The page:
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writing tips new freelancers

20 Best Ways to Find Freelance Writing Jobs (As a Beginner)

Eddie CarrilloEddie Carrillo
Eddie Carrillo
Eddie Carrillo

Finding a freelance writing job isn’t as scary as you might think it is—if you know where to look. Check out our top 20 ways for getting started with freelance writing.

Use Job Boards

1. ProBlogger 

The ProBlogger job boards contain well-paying and high-quality writing and editing gigs. Potential clients intentionally go to ProBlogger for seeking out writers that will solve their needs. The platform allows you to create a Candidate Dashboard (like an online resume) and showcase your skills, experience, and the niche topics you write in.

2. BloggingPro

BloggingPro is an easy-to-use free website that places blogging job opportunities into categories—freelance, full-time, part-time, internship, etc. Find a job you like and apply. You will typically just need a resume and a reference.

3. iWriter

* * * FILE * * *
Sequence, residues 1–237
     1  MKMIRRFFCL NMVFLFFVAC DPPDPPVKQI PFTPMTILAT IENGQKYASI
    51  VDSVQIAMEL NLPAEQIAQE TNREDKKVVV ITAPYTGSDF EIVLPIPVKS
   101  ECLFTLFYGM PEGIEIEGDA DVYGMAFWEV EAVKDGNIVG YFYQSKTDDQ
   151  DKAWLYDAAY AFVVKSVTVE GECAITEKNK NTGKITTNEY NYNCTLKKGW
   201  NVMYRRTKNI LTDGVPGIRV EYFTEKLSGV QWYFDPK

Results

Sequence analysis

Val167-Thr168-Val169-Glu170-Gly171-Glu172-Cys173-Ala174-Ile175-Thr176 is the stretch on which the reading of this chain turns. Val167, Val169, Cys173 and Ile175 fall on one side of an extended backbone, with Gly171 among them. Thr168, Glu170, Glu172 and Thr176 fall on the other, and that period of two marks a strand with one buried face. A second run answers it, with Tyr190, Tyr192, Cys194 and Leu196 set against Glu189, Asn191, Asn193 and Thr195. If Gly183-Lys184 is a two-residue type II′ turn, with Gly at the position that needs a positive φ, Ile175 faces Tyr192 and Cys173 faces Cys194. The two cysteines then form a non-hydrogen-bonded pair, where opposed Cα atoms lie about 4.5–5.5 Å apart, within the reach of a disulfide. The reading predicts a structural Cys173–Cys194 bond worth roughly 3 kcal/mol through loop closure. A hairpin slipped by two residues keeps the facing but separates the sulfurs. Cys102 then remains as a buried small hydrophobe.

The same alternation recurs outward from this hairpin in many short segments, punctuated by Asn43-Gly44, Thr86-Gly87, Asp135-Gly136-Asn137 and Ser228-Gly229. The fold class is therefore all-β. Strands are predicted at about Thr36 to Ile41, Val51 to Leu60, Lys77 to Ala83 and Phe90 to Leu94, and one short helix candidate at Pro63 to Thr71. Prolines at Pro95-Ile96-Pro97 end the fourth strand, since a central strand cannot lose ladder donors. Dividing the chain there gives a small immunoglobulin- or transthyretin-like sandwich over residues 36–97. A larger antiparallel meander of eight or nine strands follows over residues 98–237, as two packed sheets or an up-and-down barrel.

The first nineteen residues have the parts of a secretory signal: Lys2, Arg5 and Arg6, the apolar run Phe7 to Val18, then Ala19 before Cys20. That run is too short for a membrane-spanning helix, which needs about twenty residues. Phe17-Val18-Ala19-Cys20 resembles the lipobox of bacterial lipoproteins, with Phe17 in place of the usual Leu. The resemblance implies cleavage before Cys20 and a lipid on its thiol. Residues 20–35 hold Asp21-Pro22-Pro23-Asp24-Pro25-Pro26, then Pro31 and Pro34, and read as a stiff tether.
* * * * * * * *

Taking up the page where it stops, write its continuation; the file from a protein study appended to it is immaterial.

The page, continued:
With iWriter, you start with a writing test. Once you pass, you have access for different writing opportunities. As you receive positive reviews, your level increases and you’ll garner the attention of more clients.

4. Freelance Writing Jobs

You can get paid for writing all kinds of content through this platform, also known as Freelance Writing Gigs—journalism, short story writing, freelance copywriting, etc. The job listings are updated daily and there are a variety of opportunities for every kind of freelance writer.

5. Upwork

Upwork is likely the most famous online job board for freelancers and remote workers. You can find freelance writing jobs ranging from medical writing to celebrity blog posts. But while there’s variety in the opportunities, there’s also competition, making it difficult for landing high-paying gigs when starting out. I recommend following Upwork’s profile best practices and ensure that you stand out early on.

6. Freelance Writers Den

This is a freelance writing community built by well-known blogger Carol Tice. Tice is committed to helping good writers make good money. With over 1,500 members and 24/7 help from online forums, it’s a great place to learn from other freelancers and garner new writing jobs. Join the waiting list now to get a spot in the Den.